Entering the Back Gate to the Garden of Shangri-la

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We’ve called this often grueling trip from Chengdu, the Back Road to Shangri-la. A few days ago, we entered the high gate to the garden of Shangri-la. We topped out above 15,000 feet each day, and often stayed there for hours. We meandered the Tibetan Plateau, in company with yaks and Tibetans, surrounded by a landscape stippled with stupas, prayer flags, tiny wildflowers and singing mountain streams. Meadows of jade steepened up to fresh snow covered peaks, at least some days backed by a cobalt sky and cotton clouds.

At least one day was miserable with rain and we cut our day short, rain soaked and freezing, at an unheated roadhouse infested with Mahjongg playing and yelling, day off revelers. But those are not the things we will remember. We will remember the smiling Tibetan greetings of “tashi dele” from every roadside yak camp or a passing motorcycle, laden with bags of grain, and sometimes the whole family.

We will remember the hours long climb each day, each switchback revealing new wonders of high meadows and lines of blinding peaks. Then we begin the long descent through rock walled paddocks, friendly villages, and herds of yaks and deep gorges of evergreens, autumn coloring trees and roaring streams.

Do the people here live to very old ages? Are they always healthy and happy as the Shangri-la myth tells? No, they are mortals, increasingly invaded by the outside world, nudged into ways foreign to their culture and religion. But from the smiles on their faces as we pass, an exceedingly strange apparition from afar, the hearty waves and open-faced surprise, I know they are a happy people. We were told by one man that they don’t even think about the weather, no matter how bad, and it can be very bad! That tells me the Buddhist philosophy is real and alive in their lives. We’re not there yet, especially when it comes to weather!

So Shangri-la is in some measure real, at least here in the high meadows. There is much more to discover, much more to come.

Tibetan plateau

Tibetan plateau

Claire getting a hug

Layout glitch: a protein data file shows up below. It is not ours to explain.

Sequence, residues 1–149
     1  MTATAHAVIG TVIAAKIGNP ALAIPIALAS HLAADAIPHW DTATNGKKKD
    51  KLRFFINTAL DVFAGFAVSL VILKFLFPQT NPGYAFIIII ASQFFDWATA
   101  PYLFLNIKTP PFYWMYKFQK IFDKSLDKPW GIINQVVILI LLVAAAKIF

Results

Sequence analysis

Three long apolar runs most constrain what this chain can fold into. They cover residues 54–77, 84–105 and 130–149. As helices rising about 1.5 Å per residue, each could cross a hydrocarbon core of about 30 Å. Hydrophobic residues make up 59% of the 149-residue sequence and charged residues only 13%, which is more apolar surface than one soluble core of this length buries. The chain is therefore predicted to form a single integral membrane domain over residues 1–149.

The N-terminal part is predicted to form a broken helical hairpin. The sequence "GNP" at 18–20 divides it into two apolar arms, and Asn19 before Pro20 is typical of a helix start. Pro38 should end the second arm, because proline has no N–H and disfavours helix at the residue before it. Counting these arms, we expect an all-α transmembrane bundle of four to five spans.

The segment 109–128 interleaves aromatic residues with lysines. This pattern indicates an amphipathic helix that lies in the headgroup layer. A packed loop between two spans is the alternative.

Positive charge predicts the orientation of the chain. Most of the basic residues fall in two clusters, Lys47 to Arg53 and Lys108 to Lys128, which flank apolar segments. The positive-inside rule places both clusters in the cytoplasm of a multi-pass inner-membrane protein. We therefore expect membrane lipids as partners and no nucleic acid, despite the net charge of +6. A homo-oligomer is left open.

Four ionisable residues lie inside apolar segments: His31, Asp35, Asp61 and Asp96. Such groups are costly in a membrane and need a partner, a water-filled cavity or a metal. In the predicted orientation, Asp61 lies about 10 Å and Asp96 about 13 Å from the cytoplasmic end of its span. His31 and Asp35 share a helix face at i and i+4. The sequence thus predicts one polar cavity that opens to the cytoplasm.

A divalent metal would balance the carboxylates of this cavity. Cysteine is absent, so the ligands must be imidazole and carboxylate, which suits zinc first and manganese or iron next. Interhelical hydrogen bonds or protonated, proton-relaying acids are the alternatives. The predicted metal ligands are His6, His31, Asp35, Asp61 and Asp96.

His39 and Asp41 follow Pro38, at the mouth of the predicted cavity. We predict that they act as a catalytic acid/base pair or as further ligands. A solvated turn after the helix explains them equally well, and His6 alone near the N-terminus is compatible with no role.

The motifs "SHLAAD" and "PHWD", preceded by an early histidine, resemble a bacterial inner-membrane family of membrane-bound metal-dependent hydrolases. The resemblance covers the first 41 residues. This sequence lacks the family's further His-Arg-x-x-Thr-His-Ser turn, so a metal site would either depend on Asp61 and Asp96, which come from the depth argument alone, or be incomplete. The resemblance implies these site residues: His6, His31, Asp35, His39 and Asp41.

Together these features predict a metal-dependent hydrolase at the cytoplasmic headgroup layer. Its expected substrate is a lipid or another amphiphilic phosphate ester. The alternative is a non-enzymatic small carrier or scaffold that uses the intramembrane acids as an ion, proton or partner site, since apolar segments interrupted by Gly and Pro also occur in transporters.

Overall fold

Claire getting a hug

Zippy's new Tibetan prayer flag

Zippy’s new Tibetan prayer flag

Stream and mountain on Tibetan plateau

Stream and mountain on Tibetan plateau

Tibetan Pony

Tibetan Pony

Tibetan Grazing Camp

Tibetan Grazing Camp

Nice Tibetan Roadhouse on freezing morning

Nice Tibetan Roadhouse on freezing morning

Tibetan writing on rock

Tibetan writing on rock

Too surprised to smile

Too surprised to smile

Monastery on cliff

Monastery on cliff

Prayer flags and bicycle

Prayer flags and bicycle

Rock Art at Sacred Site

Rock Art at Sacred Site

Lucky Found Yak Horns

Lucky Found Yak Horns

Tibetan archictecture

Tibetan archictecture

 

Tibetan plateau

Tibetan plateau


Comments

Entering the Back Gate to the Garden of Shangri-la — 3 Comments

  1. At least one day was miserable with rain and we cut our day short, rain soaked and freezing, at an unheated roadhouse infested with Mahjongg playing and yelling, day off revelers. But those are not the things we will remember. We will remember the smiling Tibetan greetings of “tashi dele” from every roadside yak camp or a passing motorcycle, laden with bags of grain, and sometimes the whole family.

    We will remember the hours long climb each day, each switchback revealing new wonders of high meadows and lines of blinding peaks. Then we begin the long descent through rock walled paddocks, friendly villages, and herds of yaks and deep gorges of evergreens, autumn coloring trees and roaring streams.

    I’ve enjoyed reading through your site as I also am greatly interested in cycle touring but simply can’t afford to. I suppose it’s like vicarious touring or window shopping…

    One thing that bothered me a little, in the quote highlighted above, something I wanted to touch on briefly, is selective memory making. I think it is important to remember both the good and the bad, the idyllic and the flawed. It seems a little like you are trying to preserve or reinforce in your memory a picture-perfect image, a seemingly benign stereotype if you will, of a people and a place. Unless I am misunderstanding, you seem to have essentialised both people and place and wish your memories to conform to your preconceived notions. The noisy Mahjong-playing day-off revellers are as much part of the reality of a time and place and people as the Tibetans smiling and yelling greetings as you pass by.

    Sorry that my first comment on your site seems critical. I hope it will be viewed as constructive criticism and dialogue.

  2. Abram,
    If you have not cycle toured, and tried to keep a blog/site going at the same time, you do not understand that there is precious time and energy left at the end of the day for perfect writing, perfect memory. Certainly I remember more positive than negative in this post, and that reflects the live-in-the-moment person I am, the optimist that I am. I won’t apologize for who I am. I do think however that you have not read the entire Shangri-la posting, or you might not have come away with the opinion that I was not looking at the “real” world around me. Read the site, watch the videos, and I think you will see more. Also I felt “watched” while still in China, and reserved a few observations, and one video, for after we had left China.

    As for not bicycle touring because of cost, that is not an excuse. We live more cheaply per day in Asia than we can living at home. For a four month tour, we spent less, including air fares, than we would have spent living a very frugal life in the inexpensive city of Tucson, AZ. Your excuse is gone. Get on the road and do a better job than I have and I will applaud you. I stand ready to offer any advice, answer any questions you might have about bicycle touring.

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